Wednesday, January 20, 2010

 

Publicity for Galicia

Following on from the last post, an online travel magazine is intending to run a feature on Galicia in the month of February. Once I know a little bit more about it (including the date of availability) I will publish the details here.

At present all I know is that they are getting some outside content to go with any internal content that they may be producing themselves.

Details to follow.

Monday, January 11, 2010

 

Weather and visiting Galicia in 2010

The weather across Galicia has been generally poor over the last few days, although without the severe snow that has hit much of northern Europe. That said, it may yet be on its way!

Temperature wise, cities like Pontevedra are seeing lows that are getting close to freezing right now although daytime temperatures are getting into or close to double figures (Celsius).

Ourense on the other hand is seeing sub zero lows that have a risk of snow although at the moment the trend is a rise in night time temperatures over the forthcoming week.

Up in the north, Lugo has also seen some cold nights with today forecast to have a low of minus 3 degrees (C). Again however the next week shows a gradual increase to something more pleasant.

As with much of northern Europe, cloudy winter days tend to be warmer than their equivalent and much cooler bright and sunny days.

Flights and routes – no change

As far as Ryanair is concerned it would appear that there will be no resumption of the Liverpool (or indeed the East Midlands) UK flights from 2008. No announcement has been made and, given the advanced booking periods that most airlines offer, it would seem unlikely that any new Galicia related schedules will be released now. All bad news for those wishing to visit who are not within easy travelling distance of London.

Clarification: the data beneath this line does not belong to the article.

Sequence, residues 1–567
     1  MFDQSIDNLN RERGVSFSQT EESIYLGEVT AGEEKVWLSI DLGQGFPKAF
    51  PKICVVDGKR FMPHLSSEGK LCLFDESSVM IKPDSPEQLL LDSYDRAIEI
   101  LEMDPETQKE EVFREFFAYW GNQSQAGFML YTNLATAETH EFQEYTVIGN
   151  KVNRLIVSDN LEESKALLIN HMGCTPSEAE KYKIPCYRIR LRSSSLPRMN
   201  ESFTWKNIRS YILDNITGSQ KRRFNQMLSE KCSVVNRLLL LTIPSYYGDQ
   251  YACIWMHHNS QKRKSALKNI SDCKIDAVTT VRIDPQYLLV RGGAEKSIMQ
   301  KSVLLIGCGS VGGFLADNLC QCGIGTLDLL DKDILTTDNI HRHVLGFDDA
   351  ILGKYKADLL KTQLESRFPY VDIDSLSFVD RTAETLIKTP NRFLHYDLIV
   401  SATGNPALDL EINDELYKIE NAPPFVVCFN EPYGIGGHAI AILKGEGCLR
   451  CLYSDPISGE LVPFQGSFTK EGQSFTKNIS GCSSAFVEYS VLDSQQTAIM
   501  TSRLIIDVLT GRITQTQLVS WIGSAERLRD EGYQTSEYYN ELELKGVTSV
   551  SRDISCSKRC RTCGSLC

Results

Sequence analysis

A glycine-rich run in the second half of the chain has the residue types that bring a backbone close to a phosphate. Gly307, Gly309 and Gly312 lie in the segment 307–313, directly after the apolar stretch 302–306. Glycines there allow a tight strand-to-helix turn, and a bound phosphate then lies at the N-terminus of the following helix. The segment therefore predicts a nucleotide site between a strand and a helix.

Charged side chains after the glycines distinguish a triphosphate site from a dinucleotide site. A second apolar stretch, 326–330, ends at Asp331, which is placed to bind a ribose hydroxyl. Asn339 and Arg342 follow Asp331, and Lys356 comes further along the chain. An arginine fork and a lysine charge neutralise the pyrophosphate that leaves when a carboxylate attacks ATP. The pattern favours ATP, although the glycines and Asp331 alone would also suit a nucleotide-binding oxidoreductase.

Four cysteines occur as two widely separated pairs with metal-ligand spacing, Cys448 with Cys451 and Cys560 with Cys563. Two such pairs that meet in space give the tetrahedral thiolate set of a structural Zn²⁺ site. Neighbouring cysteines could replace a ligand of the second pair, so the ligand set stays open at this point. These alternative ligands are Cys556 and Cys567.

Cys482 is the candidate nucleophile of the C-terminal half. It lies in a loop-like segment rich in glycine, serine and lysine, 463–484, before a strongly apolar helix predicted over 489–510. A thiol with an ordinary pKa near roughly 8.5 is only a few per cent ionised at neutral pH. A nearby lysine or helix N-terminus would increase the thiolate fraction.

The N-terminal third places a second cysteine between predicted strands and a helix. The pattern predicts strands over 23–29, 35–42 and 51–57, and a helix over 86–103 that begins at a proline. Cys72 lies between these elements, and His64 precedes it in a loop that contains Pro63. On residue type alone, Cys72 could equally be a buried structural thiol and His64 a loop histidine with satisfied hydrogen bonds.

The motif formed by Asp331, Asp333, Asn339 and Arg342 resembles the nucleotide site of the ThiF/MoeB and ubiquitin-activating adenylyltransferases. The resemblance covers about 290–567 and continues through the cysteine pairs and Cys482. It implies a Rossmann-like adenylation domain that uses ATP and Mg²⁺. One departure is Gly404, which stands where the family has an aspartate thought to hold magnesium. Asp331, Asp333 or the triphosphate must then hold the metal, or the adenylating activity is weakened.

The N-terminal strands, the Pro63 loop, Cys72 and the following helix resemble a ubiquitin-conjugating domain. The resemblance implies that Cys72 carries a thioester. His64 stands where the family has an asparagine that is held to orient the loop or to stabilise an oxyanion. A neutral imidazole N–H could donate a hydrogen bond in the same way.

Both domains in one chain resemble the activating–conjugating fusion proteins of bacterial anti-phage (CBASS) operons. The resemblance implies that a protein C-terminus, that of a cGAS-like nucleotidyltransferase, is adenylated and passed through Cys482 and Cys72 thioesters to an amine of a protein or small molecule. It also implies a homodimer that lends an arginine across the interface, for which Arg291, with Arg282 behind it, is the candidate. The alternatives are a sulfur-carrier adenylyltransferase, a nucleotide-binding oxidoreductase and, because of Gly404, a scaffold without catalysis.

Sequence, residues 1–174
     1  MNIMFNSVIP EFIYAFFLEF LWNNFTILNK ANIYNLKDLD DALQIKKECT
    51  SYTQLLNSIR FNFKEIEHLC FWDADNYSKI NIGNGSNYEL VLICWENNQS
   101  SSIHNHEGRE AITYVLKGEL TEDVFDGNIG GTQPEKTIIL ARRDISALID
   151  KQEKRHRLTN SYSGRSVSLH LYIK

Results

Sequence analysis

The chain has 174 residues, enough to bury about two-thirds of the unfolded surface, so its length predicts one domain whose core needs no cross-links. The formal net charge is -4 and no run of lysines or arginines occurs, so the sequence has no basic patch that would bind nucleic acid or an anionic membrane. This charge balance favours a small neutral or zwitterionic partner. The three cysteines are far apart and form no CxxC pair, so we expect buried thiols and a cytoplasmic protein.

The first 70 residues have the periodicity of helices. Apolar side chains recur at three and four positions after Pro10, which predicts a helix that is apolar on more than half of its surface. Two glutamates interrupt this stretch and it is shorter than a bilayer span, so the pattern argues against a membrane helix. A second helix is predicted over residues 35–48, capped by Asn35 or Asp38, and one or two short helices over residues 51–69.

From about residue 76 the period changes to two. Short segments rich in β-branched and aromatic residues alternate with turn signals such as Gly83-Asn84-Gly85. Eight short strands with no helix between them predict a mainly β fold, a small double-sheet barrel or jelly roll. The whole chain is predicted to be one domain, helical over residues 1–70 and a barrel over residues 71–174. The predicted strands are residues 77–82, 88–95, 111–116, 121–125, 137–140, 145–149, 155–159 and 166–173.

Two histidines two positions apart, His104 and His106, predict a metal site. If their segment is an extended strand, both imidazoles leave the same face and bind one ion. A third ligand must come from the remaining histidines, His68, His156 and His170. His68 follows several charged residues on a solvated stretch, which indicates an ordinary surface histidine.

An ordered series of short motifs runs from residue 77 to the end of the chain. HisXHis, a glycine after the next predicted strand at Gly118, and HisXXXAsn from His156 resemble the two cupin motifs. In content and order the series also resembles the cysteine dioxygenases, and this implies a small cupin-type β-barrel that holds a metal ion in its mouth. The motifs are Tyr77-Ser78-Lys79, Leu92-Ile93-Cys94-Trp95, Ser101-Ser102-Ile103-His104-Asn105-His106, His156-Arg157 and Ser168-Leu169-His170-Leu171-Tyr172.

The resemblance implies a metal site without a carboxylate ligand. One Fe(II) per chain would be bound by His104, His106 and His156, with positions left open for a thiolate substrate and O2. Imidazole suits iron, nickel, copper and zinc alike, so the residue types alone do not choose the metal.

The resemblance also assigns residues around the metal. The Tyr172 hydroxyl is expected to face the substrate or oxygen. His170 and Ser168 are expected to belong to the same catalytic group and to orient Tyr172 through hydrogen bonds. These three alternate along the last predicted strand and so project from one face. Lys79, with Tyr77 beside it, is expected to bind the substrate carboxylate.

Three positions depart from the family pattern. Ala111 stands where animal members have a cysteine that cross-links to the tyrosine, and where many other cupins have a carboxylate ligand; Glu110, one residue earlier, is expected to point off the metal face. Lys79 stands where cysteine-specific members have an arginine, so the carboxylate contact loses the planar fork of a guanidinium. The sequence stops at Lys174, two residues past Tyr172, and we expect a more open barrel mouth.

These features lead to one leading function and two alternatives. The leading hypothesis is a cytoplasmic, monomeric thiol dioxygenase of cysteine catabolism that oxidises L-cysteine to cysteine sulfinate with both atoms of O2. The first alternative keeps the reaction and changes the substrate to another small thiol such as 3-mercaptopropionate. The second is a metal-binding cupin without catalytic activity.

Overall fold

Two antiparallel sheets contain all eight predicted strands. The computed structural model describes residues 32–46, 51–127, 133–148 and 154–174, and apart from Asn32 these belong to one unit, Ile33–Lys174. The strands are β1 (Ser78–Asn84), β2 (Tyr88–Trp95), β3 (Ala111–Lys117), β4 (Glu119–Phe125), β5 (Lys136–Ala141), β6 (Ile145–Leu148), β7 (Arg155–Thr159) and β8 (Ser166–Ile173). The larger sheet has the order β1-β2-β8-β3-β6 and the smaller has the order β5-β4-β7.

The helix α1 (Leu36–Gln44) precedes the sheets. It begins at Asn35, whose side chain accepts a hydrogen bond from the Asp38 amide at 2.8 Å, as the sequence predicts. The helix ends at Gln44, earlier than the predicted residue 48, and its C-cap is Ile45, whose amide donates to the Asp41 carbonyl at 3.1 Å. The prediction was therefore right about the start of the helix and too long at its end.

For details of flight routes to the likes of Santiago de Compostela and la Coruna you can visit this page, http://www.galiciaguide.com/Galicia-flights-2009.html which, although listing the flight routes for 2009, should still work for 2010.

If you want some holiday related information about the various places to visit in Galicia then you can try any of the following “start” pages which will give you a good picture of what Galicia and its numerous towns have to offer:

http://www.galiciaguide.com/Santiago-index.html
http://www.galiciaguide.com/Pontevedra-index.html
http://www.galiciaguide.com/Lugo-index.html

If you like the sound of Galicia and are also interested in other regions with a similar climate, scenery and lifestyle, then take a look at Asturias too. You will be able to get a feel for this region at:

http://www.asturiasguide.com/ and
http://www.visitasturias.co.uk/

Enjoy!

Tuesday, January 05, 2010

 

Galicia 2009

I can now look back over 2009 in terms of website interest in Galicia and it makes pretty disappointing reading.

Visitor numbers were, by the end of the year, down by almost 50% and the first few days of 2010 show that theme continuing.

To what extent this relates to the recession, the cancelling of Ryanair flights and a general lack of tourist promotion of this area I do not know. However the facts speak for themselves and they spell out, in direct terms, that Galicia is far less popular now than it was in 2007.

I have written many times that the region does not promote itself adequately and, with so many other new tourist zone competitors now free from the former Eastern block, Galicia has competition that it never had before.

Unfortunately, I do not see things changing and that is bad news for a region that now has a diminishing farming and fishing economy, but a wealth of potential tourist activity.

I think that the problems really started when the BNG got into regional government 4 or 5 years ago and completely changed the direction of turgalicia – the regional tourist board. Amazingly all the outside promotion stopped and everything focussed on promoting Galicia to galicians in Galicia.

This sounds amazing to any rational human being, but the complex political agendas of the Spanish regional parties mean that nothing outside their boundaries matters – even if it has a negative effect on the regional or national economy.

Will things change and will the situation be reversed?

I doubt it very much. The north of Spain bears little resemblance to the south in terms of climate, scenery, culture or politics. Indeed, the fact that Galicia is getting far fewer tourists will be seen as a bonus for many of the regions inhabitants and even some of those who work in the tourism industry. Again you have to know the area, the politics and the people to understand how that makes sense, but somehow to many it does. In fact if I remember I will give an example, in relation to the regional language, of something that was said by my wife’s parents recently which demonstrates the insanity of regionalism perfectly.

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